Makawa, Roy Nelson (2011)
Ph.D. thesis, University of Birmingham.
The Southern African Development Community (SADC) has adopted tourism as one of the main vehicles for promoting economic integration within Southern Africa, an approach referred to in the study as 'tourism integration '. Using a critical realist approach, the research investigates the political , economic and social context within which tourism integration has evolved and elicits stakeholder perceptions and attitudes towards the strategy. The study involved three field research visits to Southern Africa over the period 2000 to 2006, intended to find out how the strategy manifests in several areas of economic integration. The findings and recommendations are based on field research on the education and training sector and the Great Limpopo Transfrontier Park (GLTP). The research finds that 'tourism integration' has been prompted by a combination of political, economic and social developments at international, regional and national levels and the study also shows that the strategy faces many challenges including, the large size of the region, asymmetric economies at different levels of economic development, lack of political will among the ruling elite ; limited resources and lack of widespread stakeholder participation in policy processes. From this, the research develops a framework for examining the process of tourism in general and concludes that although SADC has been highly imaginative regarding policy formulation, but this has not been matched in practice since, by the end of 2006, many of the policies had not been implemented. However, a number of factors, including a long history and noticeable successes with economic integration; and the existence of lock-in effects and widespread stakeholder support for tourism integration, make tourism integration a viable and enduring approach to economic integration. In view of this, the research makes a number of recommendations including wider stakeholder participation in policy formulation and implementation, greater resourcing of strategies and more academic research on the desirability and feasibility of using tourism as a basis for promoting wider and deeper economic integration.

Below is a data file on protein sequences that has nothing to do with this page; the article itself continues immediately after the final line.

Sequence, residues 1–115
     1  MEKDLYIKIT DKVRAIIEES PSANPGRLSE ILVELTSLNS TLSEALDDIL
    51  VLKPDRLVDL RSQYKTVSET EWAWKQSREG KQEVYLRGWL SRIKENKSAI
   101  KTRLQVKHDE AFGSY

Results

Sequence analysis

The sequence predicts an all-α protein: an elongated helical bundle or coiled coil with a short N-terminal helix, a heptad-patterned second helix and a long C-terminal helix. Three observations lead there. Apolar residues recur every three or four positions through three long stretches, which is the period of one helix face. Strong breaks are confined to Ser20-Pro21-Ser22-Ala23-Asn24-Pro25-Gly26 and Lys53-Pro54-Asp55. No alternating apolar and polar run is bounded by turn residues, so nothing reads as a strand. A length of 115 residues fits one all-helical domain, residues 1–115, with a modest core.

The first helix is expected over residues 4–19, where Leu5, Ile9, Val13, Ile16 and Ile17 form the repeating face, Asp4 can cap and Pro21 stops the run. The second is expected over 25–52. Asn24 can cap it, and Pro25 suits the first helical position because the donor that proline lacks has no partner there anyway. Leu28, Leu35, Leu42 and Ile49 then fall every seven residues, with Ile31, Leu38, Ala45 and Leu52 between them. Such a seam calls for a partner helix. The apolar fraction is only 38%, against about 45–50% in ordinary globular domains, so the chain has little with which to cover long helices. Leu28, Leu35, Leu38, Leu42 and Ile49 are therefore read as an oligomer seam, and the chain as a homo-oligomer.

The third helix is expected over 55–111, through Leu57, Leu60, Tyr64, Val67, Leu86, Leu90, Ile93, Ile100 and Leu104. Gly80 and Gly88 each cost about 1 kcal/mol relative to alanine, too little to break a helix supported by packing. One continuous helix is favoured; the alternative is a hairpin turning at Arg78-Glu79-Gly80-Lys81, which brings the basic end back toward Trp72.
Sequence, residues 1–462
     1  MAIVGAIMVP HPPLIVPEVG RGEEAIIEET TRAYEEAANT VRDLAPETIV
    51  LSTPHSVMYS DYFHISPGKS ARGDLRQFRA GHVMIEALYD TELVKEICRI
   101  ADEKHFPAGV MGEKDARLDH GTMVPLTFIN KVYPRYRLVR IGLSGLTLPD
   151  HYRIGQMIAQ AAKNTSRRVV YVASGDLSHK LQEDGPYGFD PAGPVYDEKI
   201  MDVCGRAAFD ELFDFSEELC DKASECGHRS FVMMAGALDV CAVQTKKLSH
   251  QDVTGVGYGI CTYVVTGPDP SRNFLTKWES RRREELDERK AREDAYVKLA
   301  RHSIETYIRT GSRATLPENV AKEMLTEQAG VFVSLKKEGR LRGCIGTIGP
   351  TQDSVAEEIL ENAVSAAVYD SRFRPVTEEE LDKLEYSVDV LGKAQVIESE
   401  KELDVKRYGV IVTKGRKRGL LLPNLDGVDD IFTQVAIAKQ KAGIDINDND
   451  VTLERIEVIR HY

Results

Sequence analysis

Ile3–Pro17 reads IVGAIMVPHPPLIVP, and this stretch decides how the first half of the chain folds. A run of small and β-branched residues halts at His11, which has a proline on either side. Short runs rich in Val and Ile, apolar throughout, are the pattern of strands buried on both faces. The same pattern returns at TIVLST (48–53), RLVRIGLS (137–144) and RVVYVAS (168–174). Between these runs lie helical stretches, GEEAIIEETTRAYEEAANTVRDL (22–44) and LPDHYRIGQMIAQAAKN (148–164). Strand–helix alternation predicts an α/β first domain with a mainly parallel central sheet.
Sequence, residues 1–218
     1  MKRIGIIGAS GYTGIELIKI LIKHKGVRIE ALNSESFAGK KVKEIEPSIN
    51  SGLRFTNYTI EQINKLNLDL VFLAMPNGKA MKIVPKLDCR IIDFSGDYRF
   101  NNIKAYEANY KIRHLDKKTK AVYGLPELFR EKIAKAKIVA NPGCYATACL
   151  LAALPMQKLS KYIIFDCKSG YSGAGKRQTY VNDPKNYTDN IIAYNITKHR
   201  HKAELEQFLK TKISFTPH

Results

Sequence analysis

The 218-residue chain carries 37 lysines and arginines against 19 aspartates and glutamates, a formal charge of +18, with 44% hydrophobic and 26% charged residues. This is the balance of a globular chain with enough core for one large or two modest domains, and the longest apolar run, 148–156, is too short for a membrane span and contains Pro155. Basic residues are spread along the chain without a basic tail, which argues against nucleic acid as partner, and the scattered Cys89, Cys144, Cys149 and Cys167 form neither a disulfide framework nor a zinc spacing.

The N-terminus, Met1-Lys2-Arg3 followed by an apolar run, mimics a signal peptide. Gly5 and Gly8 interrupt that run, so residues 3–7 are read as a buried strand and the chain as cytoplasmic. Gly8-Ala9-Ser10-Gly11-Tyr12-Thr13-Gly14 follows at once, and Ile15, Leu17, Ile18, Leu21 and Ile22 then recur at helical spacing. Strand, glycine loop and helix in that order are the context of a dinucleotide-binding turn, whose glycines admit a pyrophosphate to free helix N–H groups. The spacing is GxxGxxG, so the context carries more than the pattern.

|Type of Work:||Ph.D. thesis.|
|Supervisor(s):||Watson, C. J. and Prosser, Robert (1933-)|
|School/Faculty:||Colleges (2008 onwards) > College of Social Sciences|
|Department:||Centre for Urban and Regional Studies|
|Subjects:||GV Recreation Leisure|
G Geography (General)
HD Industries. Land use. Labor
|Institution:||University of Birmingham|
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